Brunch should be robust. We’re talking huge plates of food and sauces that overflow the bounds of the plate (and reason): brunch spots that turn it up to 11.
In Harbor Springs, Small Batch at the Cupola offers exactly that kind of brunch. Imagine a plate of bananas foster French toast filled with cream cheese, smothered in whipped cream, drizzled with bourbon caramel sauce, and topped with fresh strawberries and a decadent scoop of gelato. It’s a plate of brunch big enough to feed three people. Or perhaps you’re into toasting the leftovers the next day?
Or picture benedicts garden: thick slices of ciabatta topped with rosemary ham, eggs, and a generous portion of Florentine sauce with a side of roasted whole purple and orange carrots and sliced zucchini. It’s the kind of dish that could turn you into one of Small Batch’s regulars.
Small Batch’s Sunday brunch is inventive and full of flavor. While the menu changes regularly, this fall PAVB encountered Dutch babies, omelettes, breakfast biscuit sandwiches, and a few lunch items like burgers and BLTs. But you can also try more out-there offerings: crispy chicken eggs benedict, breakfast sopes with beans and pork, or an egg-cheddar-bacon mashup on a grilled cinnamon roll. No matter what you get, it’ll be a reasonable price for a decadent portion.
The quirky, delightfully-decorated dining room is small and seating is first-come first-served, so arrive early for your brunch experience. And, don’t skip out on the boutiquerie next door: a small, homey boutique filled with homemade desserts and gift items. Snag the chocolate babka if you happen to see it.
Walking into the H.O Rose Dining Room for Stafford’s Perry Hotel’s Sunday brunch is like stepping back in time. Which makes sense considering the care that’s been taken to preserve this historic landmark that overlooks the Little Traverse Bay. When you see the sign explaining how Ernest Hemingway once lodged at Stafford’s Perry, you know you’ll be visiting someplace very special in the Petoskey area.
The H.O. Rose Dining Room can be described with one word: elegant. Both the booths that line the back wall and the tables afford a stunning view of the Little Traverse Bay. While the dining room feels fancy, it’s not stuffy or pretentious, so feel free to relax and contemplatively sip your coffee or tea as you gaze over one of the most picturesque scenes in northern Michigan.
The Dining Room offers an assortment of classic brunch foods: omelets, egg plates, quiche, lox and bagel, oatmeal, and tons of à la carte options. Refreshingly, they also serve half orders of some items. Yes, brunch is best served in heaping helpings, but what if you have a small appetite or a kid in tow? In that case, a half order of eggs benedict or an egg and cheese sandwich might fit the bill perfectly.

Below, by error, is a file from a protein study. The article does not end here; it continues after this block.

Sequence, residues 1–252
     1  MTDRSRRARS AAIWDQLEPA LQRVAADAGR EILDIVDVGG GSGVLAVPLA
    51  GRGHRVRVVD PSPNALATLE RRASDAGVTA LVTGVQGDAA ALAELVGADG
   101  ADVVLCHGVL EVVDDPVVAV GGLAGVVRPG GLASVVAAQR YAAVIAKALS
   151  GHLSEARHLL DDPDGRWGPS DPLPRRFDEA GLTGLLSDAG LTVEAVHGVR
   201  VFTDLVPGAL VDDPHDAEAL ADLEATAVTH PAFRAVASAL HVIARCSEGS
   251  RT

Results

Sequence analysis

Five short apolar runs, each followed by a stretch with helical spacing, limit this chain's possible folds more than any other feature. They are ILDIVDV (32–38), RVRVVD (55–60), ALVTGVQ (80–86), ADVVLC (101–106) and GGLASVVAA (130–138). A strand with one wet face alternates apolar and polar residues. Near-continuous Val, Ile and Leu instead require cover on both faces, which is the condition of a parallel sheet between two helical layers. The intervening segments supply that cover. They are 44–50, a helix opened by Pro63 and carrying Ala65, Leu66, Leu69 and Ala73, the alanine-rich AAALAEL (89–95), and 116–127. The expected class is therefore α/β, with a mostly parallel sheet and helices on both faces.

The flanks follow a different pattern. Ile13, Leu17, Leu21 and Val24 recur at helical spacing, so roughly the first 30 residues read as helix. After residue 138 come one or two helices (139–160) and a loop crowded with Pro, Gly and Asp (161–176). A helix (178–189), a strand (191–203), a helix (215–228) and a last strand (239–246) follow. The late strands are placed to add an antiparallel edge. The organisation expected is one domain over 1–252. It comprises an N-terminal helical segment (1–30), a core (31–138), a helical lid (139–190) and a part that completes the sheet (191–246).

For something savory, try the vegetable skillet. It’s a perfect pile of crispy potatoes, black beans, quinoa, corn, and veggies served in a piping hot cast iron skillet. If you love runny eggs melting into your food, add a few poached or sunny side up to your potato mountain. The dish has a lovely smoky flavor that will warm up your insides on a cool fall morning.
For those fancying something sweeter, try something that Michigan is known for: cherries. H. O. Rose makes cherry bread French toast, a pile of luscious, cherry-studded, battery carbs topped with powdered sugar (more carbs), and maple syrup if you’d like (even more wonderful carbs), and your choice of bacon or sausage (delicious protein to round out the carbs). If you’re looking to make your brunch even more Michigan-themed, try a stack of the Vernor’s pancakes with chocolate chips or blueberries.
All the toppings, please
Whipped cream, eggs, maple syrup, potatoes, veggies, bacon, and all the fixings: the Petoskey area knows how to do brunch. Whether you’re looking for something sweet or savory, homey or over the top, there’s a brunch place waiting for your crew. Check out the list below—it’s got contact info for the places described above, as well as some other delicious options in the area.
Brunch 7 days a week
4165 Main St.
Brunch 7 days a week
1 Water St., Suite 100
Crêpes (sweet and savory), pastries, quiches, bread and more
Hours are seasonal, so be sure to check the website.
110 S. Lake St.
Breakfast (served all day) and lunch in a family-owned Boyne City establishment
113 Water St.
340 State St.
250 E Main St.
Breakfast is served all day, check the restaurant for hours
3890 Charlevoix Ave
100 Lewis St.
421 Howard St.
Breakfast is served all day.
906 Spring St.
Brunch is available on select days, check the restaurant for details
324 E Mitchell St.
887 Spring St.
About the Author: Jen DeMoss is a newcomer to the Petoskey area and loves northern Michigan. You can catch her paddling a canoe, hiking a trail, or swimming in Lake Michigan as often as the weather cooperates. She’d love to help you make the most of your time in this paradise she now calls home.